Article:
Its title may not be catchy, but the name of this book fits its content nicely. The guide is straightforward, practical and gives you exactly the information you need.

There have been numerous diet “fads” that have caught the world’s attention. From believing that eating fat was bad, the pendulum swung the other way and the world embraced the Atkins diet, where carbs were exiled; and the Dukan diet, where protein was king. Now regimes that feature a period of fasting each week are highly popular.

Low GI diets, on the other hand, have constantly been on the radar for a couple of decades and have never really fallen from fashion. The writers of this particular book have very impressive pedigrees, and have researched, lectured and practised low GI diets with people at all stages of their lives – not just pregnant women.

The theory behind low GI diets is that foods with a low glycemic index which help you keep a steady blood sugar level. It follows that during pregnancy, when your hormones and blood sugar levels are disturbed greatly, introducing low GI foods into your diet makes sense.

Doctors Miller, Marsha and Moses start the text by explaining to the reader why it is so important to be a healthy weight when you are trying to conceive, and throughout your pregnancy. Obesity and bad eating habits, they claim, leave a genetic imprint on our children, and hand down a tendency to obesity through the generations.

The writers walk a fine line between stressing that the die has already been cast by a woman’s eating habits, to claiming that it is never too late to make a difference. The tone of the book is positive and helpful rather than accusatory.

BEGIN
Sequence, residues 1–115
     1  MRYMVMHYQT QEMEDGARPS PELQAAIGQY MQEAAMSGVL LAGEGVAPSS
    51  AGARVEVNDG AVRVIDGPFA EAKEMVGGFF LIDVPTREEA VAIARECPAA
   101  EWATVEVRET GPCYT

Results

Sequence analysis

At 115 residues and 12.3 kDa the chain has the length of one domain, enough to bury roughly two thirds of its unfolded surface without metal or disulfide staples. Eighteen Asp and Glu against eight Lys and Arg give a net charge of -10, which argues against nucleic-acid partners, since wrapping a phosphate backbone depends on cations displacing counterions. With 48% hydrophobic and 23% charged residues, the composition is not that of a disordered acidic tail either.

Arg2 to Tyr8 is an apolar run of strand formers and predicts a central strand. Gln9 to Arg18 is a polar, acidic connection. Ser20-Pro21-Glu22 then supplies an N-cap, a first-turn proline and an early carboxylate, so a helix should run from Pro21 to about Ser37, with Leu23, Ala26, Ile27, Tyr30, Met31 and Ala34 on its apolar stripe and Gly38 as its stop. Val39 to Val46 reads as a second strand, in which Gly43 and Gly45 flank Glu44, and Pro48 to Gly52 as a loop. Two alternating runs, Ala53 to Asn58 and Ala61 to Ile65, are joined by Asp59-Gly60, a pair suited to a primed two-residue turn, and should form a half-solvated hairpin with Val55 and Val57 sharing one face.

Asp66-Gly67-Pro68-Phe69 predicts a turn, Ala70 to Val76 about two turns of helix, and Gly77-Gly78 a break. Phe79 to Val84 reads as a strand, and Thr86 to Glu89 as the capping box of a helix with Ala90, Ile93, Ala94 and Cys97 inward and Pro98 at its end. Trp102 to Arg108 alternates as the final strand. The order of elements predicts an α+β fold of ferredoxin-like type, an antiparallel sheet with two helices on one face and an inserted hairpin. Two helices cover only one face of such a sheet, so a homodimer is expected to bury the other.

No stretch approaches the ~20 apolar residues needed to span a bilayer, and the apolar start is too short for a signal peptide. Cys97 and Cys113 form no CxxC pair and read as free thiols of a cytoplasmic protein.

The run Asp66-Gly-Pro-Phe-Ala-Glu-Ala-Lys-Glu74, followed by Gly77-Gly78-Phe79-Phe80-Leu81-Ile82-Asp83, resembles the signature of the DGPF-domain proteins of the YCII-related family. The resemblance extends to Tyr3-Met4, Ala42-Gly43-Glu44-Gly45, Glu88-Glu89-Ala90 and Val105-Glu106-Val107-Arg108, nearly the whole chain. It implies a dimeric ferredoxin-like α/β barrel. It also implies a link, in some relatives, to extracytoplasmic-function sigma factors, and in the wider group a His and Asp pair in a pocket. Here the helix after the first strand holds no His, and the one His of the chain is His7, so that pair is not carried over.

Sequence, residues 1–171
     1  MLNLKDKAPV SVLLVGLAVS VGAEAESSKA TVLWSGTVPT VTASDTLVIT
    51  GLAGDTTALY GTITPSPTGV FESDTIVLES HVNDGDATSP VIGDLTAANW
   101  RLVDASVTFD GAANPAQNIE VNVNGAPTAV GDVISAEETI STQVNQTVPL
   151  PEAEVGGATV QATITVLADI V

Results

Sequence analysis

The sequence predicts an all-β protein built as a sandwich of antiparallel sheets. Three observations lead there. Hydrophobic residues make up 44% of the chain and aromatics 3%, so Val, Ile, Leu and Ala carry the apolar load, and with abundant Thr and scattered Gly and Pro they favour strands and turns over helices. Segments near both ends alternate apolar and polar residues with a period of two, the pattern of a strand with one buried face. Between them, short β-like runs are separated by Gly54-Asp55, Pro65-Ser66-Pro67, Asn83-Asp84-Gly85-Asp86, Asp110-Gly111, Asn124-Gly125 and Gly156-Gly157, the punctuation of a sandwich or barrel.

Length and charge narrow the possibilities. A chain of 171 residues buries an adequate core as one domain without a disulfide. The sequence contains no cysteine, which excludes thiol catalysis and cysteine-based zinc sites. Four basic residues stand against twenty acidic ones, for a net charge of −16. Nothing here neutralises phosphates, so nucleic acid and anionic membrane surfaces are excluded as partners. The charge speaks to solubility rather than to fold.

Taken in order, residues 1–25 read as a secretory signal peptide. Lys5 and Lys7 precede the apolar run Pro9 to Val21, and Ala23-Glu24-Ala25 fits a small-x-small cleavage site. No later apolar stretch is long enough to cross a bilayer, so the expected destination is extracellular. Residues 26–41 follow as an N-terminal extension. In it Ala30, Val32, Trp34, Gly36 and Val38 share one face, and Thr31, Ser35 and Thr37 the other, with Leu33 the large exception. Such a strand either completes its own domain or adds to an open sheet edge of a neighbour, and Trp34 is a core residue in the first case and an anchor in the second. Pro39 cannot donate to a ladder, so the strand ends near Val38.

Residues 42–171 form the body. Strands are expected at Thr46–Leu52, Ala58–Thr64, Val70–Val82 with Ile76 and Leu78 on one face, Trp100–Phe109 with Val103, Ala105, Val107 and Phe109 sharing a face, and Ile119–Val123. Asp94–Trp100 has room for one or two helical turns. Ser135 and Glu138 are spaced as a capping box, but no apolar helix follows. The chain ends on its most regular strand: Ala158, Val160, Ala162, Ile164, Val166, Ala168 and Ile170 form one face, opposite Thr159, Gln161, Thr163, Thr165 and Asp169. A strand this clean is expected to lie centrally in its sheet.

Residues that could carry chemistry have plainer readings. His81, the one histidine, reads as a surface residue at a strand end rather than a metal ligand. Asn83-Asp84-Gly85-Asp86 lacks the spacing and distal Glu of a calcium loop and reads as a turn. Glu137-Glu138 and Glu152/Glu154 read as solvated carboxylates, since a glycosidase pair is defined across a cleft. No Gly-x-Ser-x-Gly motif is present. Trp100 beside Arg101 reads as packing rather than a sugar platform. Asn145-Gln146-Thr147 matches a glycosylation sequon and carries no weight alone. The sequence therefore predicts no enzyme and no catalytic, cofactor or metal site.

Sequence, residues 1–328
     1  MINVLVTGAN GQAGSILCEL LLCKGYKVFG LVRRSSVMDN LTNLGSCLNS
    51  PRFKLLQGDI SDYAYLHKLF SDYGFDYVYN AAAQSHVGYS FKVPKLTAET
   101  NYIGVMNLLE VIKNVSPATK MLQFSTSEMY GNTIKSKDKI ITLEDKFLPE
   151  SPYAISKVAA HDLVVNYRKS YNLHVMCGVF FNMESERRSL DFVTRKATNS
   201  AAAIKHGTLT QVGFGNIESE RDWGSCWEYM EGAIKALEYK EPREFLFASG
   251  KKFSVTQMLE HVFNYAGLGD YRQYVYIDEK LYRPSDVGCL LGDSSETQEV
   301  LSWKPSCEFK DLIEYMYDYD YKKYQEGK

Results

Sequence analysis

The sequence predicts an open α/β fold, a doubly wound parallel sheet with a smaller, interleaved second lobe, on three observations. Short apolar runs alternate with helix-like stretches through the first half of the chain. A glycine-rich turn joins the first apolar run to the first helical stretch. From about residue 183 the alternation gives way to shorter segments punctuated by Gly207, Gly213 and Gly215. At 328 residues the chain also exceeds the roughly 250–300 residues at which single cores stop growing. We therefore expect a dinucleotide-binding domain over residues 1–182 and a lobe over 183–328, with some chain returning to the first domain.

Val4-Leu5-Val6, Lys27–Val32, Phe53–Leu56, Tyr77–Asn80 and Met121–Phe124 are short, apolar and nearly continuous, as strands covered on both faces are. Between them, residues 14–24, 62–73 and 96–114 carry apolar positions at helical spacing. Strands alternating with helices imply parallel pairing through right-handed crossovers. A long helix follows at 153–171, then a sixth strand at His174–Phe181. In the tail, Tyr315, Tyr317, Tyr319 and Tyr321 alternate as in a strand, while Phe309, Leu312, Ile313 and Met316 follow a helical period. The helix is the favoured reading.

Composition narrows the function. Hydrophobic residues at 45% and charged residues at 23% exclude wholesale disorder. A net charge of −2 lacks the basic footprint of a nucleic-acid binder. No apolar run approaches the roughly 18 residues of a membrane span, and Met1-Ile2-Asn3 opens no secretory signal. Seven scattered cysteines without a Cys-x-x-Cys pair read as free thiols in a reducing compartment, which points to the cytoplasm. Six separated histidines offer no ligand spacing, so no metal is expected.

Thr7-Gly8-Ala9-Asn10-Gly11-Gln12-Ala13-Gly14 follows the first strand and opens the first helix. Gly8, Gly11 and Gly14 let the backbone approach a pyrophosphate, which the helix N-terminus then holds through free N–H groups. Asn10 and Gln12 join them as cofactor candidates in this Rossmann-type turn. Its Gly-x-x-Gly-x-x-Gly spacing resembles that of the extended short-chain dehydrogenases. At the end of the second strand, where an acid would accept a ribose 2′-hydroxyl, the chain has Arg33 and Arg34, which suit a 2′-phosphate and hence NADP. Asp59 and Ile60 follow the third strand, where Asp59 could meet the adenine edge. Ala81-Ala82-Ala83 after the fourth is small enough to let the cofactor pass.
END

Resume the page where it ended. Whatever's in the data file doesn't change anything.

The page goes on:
The writers not only set out why you should eat low GI foods, but also give you practical ideas about what you should be eating. The first three sections of the book talk about the theories of good diet during the time when you are trying to conceive, and the last section gives information about which foods you should be eating, and various recipe ideas.

However, if there was one criticism of this book, it would have to be that it does not provide a plan in the same way that a regular diet book would. The recipes at the back of the book are clearly written and do not contain expensive ingredients, but they would only provide a two week meal guide.

On the other hand, there is more than enough information about the kinds of foods the reader should be choosing to enable you to plan foods for the rest of your pregnancy or modify the meal suggestions.

Of course, when your baby has arrived, eating a healthy diet becomes even more important. There is plenty of information about diet during lactation, and what a woman’s body needs when she is recovering from the birth. A new dimension the writers add, which is fairly unique to pregnancy diet books, is their emphasis on the fact that the mother has an extra duty to eat well as a role model for her new child.

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